Cain Thurmond graduated from Jefferson (Ga.) High School, attended the University of Georgia for two years as an agricultural economics major and is now taking a year off as the National FFA vice president.

On Thursday, he spent the day at Aiken High, meeting with FFA students from that school and others.

“It’s been an amazing year,” Thurmond said. “I’ve traveled 80,000 miles to 35 states. I really have a huge passion for agriculture and FFA. It helps develop students into leaders of tomorrow as part of the future of the agriculture industry.”

Aiken High’s culinary arts students provided lunch for Thurmond, others affiliated with FFA and community leaders. Joining Aiken High’s FFA president, Anna Mink, was Trent Rushton of Wagener-Salley High, the new state FFA president.

“I got to spend the last couple of days with Cain at some chapter workshops, including sitting in some he did,” Rushton said. “Cain is doing a great job, and he’s inspiring me to try for national office in the future. I don’t want FFA to be over.”

Mink was delighted to have the opportunity to speak to a national officer. The Aiken High chapter recently received two national awards and is in the running for first place nationally in both.

“My biggest issue is keeping my legacy,” Mink said. “I want everybody to have the same feeling for FFA that I do. Meeting Cain for the first time has inspired me, and now my dreams are shooting further. I’d like to run for state office next year and a national office is in my plans, too. It’s OK to dream big.”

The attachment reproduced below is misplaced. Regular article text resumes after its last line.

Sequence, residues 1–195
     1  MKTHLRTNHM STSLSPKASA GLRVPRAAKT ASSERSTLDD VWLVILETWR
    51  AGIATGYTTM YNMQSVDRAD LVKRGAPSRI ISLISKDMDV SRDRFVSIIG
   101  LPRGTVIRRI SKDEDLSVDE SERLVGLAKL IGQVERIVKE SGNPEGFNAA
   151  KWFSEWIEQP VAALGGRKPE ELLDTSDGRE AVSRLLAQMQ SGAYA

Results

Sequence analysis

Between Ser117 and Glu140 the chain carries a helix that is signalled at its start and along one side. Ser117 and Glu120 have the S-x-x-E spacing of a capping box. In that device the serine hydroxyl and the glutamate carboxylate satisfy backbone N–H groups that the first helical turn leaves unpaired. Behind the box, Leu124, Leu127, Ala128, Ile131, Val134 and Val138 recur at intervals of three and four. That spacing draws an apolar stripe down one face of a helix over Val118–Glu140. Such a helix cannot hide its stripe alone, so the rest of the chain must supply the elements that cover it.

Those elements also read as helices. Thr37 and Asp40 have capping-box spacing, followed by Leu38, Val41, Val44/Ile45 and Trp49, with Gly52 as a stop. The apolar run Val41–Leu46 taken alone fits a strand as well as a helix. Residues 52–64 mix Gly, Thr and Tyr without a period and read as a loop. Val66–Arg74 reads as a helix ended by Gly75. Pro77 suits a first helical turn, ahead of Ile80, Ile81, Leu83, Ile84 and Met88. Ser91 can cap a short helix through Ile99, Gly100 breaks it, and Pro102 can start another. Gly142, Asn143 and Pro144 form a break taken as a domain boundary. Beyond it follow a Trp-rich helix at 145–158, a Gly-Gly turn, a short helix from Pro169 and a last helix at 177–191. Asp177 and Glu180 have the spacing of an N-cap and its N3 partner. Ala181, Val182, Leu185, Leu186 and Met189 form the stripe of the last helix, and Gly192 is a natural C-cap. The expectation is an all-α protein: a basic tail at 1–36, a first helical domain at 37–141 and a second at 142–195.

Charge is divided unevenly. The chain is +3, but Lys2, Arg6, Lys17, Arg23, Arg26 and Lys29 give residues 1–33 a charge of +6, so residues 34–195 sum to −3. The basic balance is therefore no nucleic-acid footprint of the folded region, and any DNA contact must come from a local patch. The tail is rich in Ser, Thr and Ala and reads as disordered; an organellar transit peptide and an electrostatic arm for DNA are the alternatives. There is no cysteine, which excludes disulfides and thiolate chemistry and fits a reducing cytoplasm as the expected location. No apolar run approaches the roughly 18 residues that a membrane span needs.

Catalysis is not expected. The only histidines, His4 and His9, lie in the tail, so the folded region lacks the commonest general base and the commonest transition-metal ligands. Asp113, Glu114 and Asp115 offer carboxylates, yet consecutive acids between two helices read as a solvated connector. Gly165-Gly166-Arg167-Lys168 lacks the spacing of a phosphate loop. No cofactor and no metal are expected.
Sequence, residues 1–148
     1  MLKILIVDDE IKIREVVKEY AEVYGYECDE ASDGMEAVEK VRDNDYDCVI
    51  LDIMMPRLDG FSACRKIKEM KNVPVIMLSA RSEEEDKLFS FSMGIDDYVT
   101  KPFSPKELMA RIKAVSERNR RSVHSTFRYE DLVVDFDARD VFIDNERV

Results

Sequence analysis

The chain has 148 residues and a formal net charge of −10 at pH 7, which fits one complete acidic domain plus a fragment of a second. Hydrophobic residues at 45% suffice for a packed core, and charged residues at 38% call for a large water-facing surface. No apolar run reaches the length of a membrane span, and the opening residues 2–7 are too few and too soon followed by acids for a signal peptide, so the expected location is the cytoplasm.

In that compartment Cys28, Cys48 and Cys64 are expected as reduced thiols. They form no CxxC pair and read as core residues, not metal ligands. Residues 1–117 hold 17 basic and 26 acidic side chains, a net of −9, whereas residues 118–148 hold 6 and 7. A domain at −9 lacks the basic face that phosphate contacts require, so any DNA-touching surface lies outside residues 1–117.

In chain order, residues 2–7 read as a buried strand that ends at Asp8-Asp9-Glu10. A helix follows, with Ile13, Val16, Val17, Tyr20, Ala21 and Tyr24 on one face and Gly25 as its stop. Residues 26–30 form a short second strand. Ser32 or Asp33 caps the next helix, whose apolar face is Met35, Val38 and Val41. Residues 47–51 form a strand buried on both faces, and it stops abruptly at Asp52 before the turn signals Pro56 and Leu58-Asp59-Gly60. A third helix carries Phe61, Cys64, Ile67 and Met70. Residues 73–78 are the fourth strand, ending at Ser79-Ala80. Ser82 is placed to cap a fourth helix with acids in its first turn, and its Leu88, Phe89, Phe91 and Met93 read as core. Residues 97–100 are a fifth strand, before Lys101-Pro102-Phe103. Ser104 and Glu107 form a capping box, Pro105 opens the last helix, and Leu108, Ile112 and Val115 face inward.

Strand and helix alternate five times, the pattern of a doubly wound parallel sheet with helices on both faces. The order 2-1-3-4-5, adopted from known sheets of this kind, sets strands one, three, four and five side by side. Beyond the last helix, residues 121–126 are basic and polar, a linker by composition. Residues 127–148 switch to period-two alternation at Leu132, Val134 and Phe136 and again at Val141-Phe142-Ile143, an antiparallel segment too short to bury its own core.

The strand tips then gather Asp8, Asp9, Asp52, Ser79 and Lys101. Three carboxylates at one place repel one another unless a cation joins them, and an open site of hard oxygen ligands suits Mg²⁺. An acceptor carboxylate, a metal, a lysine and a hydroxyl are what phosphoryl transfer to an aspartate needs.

Meghan Wood, the FFA advisor at Aiken High, appreciated the opportunity to have Thurmond at the school. He had planned some workshops that focus on leadership and the opportunities in the agriculture field.

Careers have changed dramatically in agriculture, Thurmond said.

“In 1988, Future Farmers of Americas changed its name to FFA to reflect all the growing fields,” he said. “They include scientists, teachers, lawyers, bio-technicians and more.”

Billy Keels, the FFA state director for the past nine years, readily agrees.

“It’s rare to get a national officer here at this time of year, and we’re very fortunate,” he said. “There’s no better way to recruit kids than to have FFA leaders here in the state to talk about the agriculture industry and all the fields available to them.”

While the FFA maintains long-established traditions, the organization is not afraid to grow, Keels said. Not long along, the state had just one female agriculture teacher. Now, 35 percent of them are female.

“We’ve had the Industrial Revolution, then the computer age,” said Keels. “Agriculture will be the next boom in jobs. When you look at bio-fuels and bio-materials and all the other materials used in agriculture, it will be the next growth industry.”